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New industry code of practice from IET

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The Institution of Engineering and Technology (IET) has announced it is working on a new Code of Practice for Electrical Safety Management.

There are currently numerous technical publications on specific aspects of electrical safety, but at present, no single authoritative source on good practice for managing electrical safety in organisations. The new Code of Practice will provide a high level understanding of what managing electrical safety entails and includes an innovative practical self-assessment process built on recognised health and safety management principles.


The new Code of Practice is currently in development and expected to be published in the summer of 2013.

Chairman of the IET Standards Committee developing the Code of Practice for Electrical Safety Management, and Unilever’s group process safety manager, Malcolm Sarstedt, said: “This new Code of Practice is eminently suitable for large and small firms and will be very useful for hard-pressed managers who do not have time to research what to do, and who would be reassured to comply with a product from an influential and authoritative source such as the IET.”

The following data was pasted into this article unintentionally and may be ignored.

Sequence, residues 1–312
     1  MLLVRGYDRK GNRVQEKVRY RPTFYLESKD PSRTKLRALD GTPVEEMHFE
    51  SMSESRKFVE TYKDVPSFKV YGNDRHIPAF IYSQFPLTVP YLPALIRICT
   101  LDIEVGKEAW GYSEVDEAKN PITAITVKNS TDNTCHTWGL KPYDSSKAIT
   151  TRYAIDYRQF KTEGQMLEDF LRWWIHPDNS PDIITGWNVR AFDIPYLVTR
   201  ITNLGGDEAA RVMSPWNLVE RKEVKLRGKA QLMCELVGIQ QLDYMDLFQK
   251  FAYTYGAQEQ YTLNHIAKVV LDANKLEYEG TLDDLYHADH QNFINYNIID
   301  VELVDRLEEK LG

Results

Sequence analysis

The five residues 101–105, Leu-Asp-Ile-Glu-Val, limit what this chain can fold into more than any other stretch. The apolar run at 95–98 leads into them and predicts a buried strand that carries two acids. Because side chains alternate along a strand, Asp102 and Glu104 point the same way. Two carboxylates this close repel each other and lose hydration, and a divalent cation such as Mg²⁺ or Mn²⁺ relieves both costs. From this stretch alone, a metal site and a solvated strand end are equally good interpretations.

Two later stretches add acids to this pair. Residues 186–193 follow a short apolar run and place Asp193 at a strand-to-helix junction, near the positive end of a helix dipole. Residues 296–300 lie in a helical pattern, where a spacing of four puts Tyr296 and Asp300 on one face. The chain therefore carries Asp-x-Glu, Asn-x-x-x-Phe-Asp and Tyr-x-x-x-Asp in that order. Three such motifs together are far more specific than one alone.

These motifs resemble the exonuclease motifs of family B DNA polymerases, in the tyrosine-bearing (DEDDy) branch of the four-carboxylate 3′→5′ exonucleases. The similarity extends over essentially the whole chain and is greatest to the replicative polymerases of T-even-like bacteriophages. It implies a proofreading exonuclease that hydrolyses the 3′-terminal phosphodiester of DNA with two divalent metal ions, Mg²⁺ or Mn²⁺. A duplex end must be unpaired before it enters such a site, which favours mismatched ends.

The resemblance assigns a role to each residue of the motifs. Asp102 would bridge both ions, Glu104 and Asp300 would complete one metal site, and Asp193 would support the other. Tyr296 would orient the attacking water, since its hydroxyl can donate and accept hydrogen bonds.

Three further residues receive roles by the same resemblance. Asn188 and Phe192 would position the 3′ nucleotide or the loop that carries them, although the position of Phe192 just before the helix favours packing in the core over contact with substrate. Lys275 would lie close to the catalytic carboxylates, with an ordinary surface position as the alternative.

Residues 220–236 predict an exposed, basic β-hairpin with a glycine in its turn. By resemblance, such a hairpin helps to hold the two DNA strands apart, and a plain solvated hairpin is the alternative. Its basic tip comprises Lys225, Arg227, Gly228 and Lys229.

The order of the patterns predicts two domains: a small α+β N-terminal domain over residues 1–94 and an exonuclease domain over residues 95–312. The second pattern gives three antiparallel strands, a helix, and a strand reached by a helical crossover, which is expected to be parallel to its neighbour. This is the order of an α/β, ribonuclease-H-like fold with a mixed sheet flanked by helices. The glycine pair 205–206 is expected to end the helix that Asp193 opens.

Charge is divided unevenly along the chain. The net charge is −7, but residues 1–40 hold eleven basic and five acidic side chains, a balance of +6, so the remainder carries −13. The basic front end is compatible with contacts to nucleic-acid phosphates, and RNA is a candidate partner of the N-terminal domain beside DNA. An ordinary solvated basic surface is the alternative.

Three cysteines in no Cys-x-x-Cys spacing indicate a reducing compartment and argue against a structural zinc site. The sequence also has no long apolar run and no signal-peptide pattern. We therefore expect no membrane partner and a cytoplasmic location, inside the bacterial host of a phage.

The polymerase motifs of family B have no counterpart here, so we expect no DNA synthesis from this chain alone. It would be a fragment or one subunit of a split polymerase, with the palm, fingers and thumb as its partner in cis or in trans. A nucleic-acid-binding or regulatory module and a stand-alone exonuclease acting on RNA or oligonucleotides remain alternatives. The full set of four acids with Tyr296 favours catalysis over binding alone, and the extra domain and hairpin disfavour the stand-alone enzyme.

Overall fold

Director of IET Standards, Carolyn White, said: “Electrical safety management in organisations is often the responsibility of non-electrically-qualified staff. This new Code of Practice will give them the confidence to implement a number of good practice activities related to their workplace to manage the range of risks associated with the electrical system – and minimise the risk of serious injury or death caused by electrical incidents.

“This new Code of Practice, developed by a committee representative of key industry groups, will provide a systematic set of principles applicable to any business across all sectors of industry and the public sector.”

The publication will be useful to anyone responsible for electrical safety including electrical engineers, factory managers, facilities managers, risk managers, health and safety officers and others who may not have had systematic training in how to prevent electrical hazards in the workplace.

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